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Ethical Principles as Applied to an Ethical Dilemma (Medication Compliance)

Introduction

In the practice of nursing or any field in medicine, it is very difficult to follow a single principle due to the involvement of multiple variables that need to be considered. Through the practice of the nursing profession, four major principles serve as a guide that applies to most of the fields of nursing. The four principles are the principle of beneficence, the principle of nonmaleficence, the principle of justice, and the principle of respect for autonomy.

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Medical personnel, especially doctors and nurses face ethical dilemmas when caring for their patients. One of these ethical dilemmas especially nurse’s face is medication compliance. Say for example in mentally ill patients, the principle of beneficence and the principle of respect for autonomy may conflict. Thus, nurses and doctors should carefully balance the decisions to be made before its implementation. These practitioners should also be wise enough to make decisions that would benefit the patient and at the same time allowing the patient to actively participate in the decision-making as far as medication is concerned.

In facing ethical dilemmas, the four principles help health care practitioners decide what interventions are best for the patients. As to how these four principles help health care providers let us take a closer look at ethical principles and medication compliance.

The Ethical Dilemma

Medication compliance can be an instance wherein an ethical dilemma may exist. This situation is an issue especially when it comes to patients who are mentally ill as in this case.

A patient in a mental institution is to receive a Lithium medication. When the nurse is about to give the medication, the patient refuses the medication stating that he wants another medication that would not give him the specified side effects. This person is mentally ill, what would the nurse do?

The Principle of Beneficence

Beneficence is an action done for other people’s benefit. This action could be done to prevent or remove harm or just to improve the other’s situation (Pantilat, 2005). It is also the professional duty to do or to produce acts of kindness and charity (Soskolne, 2008).

In this principle, the nurse should give the patient the drug that he is required to take for the treatment of his disorder. For the client to get well he needs to take his medicines and what the nurse can do to the patient is explain the benefits of the said drug. The nurse should decide by what the action can do to the patient. The mentally ill patient may not know what the benefits are and should be given the information. The patient may not consider the explanation because he believes differently but the nurse knows that the drug that the patient has to take would do the patient well, thus he has to give it no matter what as long as it doesn’t harm the patient.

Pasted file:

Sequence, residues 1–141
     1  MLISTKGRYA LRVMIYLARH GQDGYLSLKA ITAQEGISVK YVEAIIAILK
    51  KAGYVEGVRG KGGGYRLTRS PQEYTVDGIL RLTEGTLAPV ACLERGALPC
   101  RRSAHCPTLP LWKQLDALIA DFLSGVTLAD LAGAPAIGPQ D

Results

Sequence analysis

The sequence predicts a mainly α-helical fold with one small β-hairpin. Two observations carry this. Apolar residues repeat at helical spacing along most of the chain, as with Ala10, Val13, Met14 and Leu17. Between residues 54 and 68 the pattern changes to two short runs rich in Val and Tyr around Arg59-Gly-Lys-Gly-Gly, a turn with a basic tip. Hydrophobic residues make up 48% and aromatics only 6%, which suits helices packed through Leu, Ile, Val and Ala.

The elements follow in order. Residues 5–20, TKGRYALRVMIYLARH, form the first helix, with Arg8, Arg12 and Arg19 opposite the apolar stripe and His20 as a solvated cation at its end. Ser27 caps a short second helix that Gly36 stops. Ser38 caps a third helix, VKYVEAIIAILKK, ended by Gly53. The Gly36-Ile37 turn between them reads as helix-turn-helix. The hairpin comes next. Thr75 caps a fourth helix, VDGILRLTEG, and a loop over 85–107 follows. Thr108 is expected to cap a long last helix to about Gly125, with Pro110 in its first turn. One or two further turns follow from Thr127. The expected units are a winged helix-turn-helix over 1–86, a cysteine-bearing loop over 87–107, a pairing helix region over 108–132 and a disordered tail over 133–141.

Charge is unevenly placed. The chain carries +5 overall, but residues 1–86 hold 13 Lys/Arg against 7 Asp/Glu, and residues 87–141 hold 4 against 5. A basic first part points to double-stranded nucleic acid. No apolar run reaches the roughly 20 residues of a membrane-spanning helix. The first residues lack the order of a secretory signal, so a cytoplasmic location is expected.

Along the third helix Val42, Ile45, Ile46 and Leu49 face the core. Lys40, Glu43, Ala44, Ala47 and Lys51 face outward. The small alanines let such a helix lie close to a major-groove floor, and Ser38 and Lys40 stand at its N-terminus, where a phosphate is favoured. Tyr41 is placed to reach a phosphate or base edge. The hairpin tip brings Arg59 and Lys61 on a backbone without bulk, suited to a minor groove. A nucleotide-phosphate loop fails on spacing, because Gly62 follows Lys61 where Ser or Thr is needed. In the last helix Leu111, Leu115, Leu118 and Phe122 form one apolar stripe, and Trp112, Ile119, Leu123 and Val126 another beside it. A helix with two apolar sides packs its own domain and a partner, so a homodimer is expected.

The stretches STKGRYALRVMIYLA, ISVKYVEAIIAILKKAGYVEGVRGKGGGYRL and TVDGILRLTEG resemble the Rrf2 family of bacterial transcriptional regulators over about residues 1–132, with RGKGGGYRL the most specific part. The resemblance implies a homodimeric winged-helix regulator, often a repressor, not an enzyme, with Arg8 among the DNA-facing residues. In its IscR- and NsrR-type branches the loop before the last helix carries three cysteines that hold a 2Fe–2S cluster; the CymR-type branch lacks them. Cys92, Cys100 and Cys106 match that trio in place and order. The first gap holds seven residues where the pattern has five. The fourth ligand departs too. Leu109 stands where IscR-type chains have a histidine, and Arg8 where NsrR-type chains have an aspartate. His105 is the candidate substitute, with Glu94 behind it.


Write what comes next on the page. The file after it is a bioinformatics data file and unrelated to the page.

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The nurse’s decision based on the principle of beneficence may do the patient well. This may end in positive results since the nurse is sure that giving the medicine would do the patient well and that the patient benefits from the action of the nurse. The patient’s refusal could be answered by the nurse’s persuasive action. The nurse may be able to persuade the patient to take the medicine without causing harm to the patient. There would also be chances that the patient may not be persuaded but chances are he would take the medicine to depend on the therapeutic communication used by the nurse and the relationship the nurse has with the patient. The outcome would become satisfactory for both the patient and the nurse because the patient may not feel it but he would get well for as long as he takes the medicine.

The Principle of Non- Maleficence

The term nonmaleficence is derived from an ancient maxim “primum non nocere” meaning “first, not harm” (Soskolne, et.al.). The same view is shared by Pantilat when he defined nonmaleficence as “no harm” (2005).

In the same case, this may apply. To not harm the patient would mean giving the medicine because drastic effects may happen as lithium is tapered off before it would be stopped or some drastic effects may happen. As the nurse utilizes the principle of nonmaleficence, she must give the medicine to the patient or the patient may experience something that may harm him. In utilizing this principle the nurse must do everything in her power to make the patient have his medicine but seeing to it that she won’t do any harm to the patient. Chances are the patient may refuse to have the medication but the nurse to not harm should give the medicine to the patient to ensure the patient’s safety. Since the nurse, guided by this principle knows that the potential benefits of giving the drug outweigh the harm it causes thus the outcome would be most likely satisfactory for the patient rather than the nurse because the nurse was able to do her job and prevented the harm that is caused by the patient’s decision.

Principle of Respect for Autonomy

The principle of respect for autonomy involves moral decision-making that the rational agents are involved in making informed and rational decision making (McCormick, et.al, 2008).

Applying this principle in the case presented, this principle becomes an issue when the patient is not capable of doing a rational decision. As for normal people, they can discuss their concerns about a certain medication why they or they cannot or will not take it. As for mentally ill patients, do they have a choice for their medication compliance? If a mentally ill patient refuses to take medicine, does he have a choice? This has been an issue in medical compliance among mentally ill patients. The patient needs to take the medication however his choice not to is his right because he has the autonomy to decide along with the physician the treatment that he is to go through, however, the patient is not capable of making the rational decision, would the nurse apply this principle? The nurse would then need to balance the right of the patient versus the effect of not giving the drug to the patient.